Spring is technically here, but it doesn’t mean everyone is rushing into the new season.
Take this black bear in Montana’s Glacier National Park.
The park said the sleepy critter has been “sluggishly” poking its head out of a cottonwood tree den since March 23.
“Blink. Blink. Do you ever struggle just to keep your eyes open? 😴” the park wrote on Facebook. “…You might hit the snooze button for ten minutes but bears can take several weeks to fully emerge from hibernation!”
The spring ritual comes in stages.
Male bears tend to come out first – between early to mid-March, according to the park. Meanwhile, solitary females, and females with yearlings or two-years olds, shake off the long winter’s nap in late March through mid-April.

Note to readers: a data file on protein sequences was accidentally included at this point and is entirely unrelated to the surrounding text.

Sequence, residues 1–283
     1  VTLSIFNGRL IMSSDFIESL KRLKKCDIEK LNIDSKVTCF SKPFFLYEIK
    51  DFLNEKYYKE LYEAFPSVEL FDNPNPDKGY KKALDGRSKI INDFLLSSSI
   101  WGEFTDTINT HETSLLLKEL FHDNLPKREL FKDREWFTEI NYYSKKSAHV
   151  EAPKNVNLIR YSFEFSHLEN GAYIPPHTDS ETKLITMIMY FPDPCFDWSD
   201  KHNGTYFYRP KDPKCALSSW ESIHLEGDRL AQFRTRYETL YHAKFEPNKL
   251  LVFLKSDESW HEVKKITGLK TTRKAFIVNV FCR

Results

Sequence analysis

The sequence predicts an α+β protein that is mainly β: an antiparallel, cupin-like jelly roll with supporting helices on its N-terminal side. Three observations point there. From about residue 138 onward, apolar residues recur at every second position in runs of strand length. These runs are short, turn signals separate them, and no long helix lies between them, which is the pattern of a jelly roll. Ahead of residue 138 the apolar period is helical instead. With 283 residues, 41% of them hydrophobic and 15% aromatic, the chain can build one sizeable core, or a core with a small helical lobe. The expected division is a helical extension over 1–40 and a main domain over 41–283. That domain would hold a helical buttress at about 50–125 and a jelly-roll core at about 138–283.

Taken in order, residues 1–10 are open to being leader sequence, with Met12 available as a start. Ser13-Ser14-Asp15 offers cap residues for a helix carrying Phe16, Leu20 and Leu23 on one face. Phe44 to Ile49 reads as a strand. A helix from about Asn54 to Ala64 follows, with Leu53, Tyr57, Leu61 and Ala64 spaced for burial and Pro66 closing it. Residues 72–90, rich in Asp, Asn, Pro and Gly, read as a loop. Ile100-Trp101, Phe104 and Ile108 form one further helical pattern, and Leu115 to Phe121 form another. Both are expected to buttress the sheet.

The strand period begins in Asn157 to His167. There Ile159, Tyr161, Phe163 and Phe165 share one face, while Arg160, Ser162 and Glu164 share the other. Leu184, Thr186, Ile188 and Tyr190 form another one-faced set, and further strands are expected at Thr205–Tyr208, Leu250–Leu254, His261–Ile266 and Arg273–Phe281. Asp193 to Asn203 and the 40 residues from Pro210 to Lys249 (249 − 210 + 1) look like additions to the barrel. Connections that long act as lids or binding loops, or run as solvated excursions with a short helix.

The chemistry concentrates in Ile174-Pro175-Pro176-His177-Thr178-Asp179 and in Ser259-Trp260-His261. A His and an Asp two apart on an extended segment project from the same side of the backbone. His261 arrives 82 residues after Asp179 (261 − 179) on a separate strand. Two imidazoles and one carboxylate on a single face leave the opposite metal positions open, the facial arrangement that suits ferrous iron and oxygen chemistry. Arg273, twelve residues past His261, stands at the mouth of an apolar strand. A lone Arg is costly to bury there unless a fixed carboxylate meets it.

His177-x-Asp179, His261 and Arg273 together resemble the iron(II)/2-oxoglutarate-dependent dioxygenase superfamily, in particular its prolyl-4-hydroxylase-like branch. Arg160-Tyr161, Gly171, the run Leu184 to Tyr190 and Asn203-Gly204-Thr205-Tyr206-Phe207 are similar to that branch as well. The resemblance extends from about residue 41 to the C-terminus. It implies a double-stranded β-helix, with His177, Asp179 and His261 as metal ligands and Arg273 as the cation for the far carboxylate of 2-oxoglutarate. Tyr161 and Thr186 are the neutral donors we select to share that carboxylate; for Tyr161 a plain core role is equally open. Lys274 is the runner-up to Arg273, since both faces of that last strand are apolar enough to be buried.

And, the last to emerge are females with newborn cubs, generally from mid-April until early May.
You can watch some of the slow-motion excitement on Glacier’s web cam.
Yawning, for example.
“A black bear rests, looks around, and yawns from a hole in a tree while the camera zooms in,” the park noted on Good Friday.
The struggle to get comfortable is real.
If you keep an eye on the webcam, you might get lucky and see the bear climbing through the branches.